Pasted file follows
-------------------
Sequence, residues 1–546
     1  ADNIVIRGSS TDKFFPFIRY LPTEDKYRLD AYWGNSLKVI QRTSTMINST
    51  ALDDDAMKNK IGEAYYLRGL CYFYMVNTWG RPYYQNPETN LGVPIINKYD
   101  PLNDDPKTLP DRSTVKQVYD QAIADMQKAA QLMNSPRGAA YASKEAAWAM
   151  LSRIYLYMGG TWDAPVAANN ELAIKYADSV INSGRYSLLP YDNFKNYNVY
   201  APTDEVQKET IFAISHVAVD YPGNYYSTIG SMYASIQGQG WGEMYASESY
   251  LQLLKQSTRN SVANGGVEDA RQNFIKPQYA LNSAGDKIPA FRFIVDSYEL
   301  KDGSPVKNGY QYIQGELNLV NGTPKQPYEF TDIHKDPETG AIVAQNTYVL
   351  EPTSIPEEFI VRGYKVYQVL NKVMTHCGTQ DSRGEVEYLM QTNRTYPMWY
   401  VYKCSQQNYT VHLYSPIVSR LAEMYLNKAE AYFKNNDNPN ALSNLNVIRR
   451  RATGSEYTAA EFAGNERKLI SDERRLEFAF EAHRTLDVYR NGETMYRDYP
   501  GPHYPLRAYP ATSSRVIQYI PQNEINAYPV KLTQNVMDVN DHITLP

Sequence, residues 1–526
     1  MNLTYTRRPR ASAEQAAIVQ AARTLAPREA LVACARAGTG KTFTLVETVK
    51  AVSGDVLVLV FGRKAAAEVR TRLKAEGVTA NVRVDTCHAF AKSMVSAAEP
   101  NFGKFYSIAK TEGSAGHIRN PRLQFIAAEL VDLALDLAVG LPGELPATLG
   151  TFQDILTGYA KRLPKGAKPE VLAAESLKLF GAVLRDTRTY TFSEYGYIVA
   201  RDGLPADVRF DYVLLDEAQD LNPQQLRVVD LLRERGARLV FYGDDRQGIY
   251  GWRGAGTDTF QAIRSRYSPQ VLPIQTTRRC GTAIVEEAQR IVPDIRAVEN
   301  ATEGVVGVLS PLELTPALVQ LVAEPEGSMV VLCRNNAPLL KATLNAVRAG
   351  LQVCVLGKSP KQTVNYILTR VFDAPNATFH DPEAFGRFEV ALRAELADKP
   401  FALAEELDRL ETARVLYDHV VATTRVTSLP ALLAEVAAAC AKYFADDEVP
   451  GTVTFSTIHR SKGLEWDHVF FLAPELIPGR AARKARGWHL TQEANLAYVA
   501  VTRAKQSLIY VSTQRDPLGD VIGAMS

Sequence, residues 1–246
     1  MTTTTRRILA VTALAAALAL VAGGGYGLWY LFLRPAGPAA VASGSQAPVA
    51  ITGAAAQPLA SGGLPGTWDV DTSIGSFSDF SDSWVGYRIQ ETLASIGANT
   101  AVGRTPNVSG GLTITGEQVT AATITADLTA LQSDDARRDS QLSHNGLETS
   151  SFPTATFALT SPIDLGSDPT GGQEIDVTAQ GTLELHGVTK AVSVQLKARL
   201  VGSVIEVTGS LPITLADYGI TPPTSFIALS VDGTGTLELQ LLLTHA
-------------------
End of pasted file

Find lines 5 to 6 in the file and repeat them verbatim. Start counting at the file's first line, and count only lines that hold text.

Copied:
   151  LSRIYLYMGG TWDAPVAANN ELAIKYADSV INSGRYSLLP YDNFKNYNVY
   201  APTDEVQKET IFAISHVAVD YPGNYYSTIG SMYASIQGQG WGEMYASESY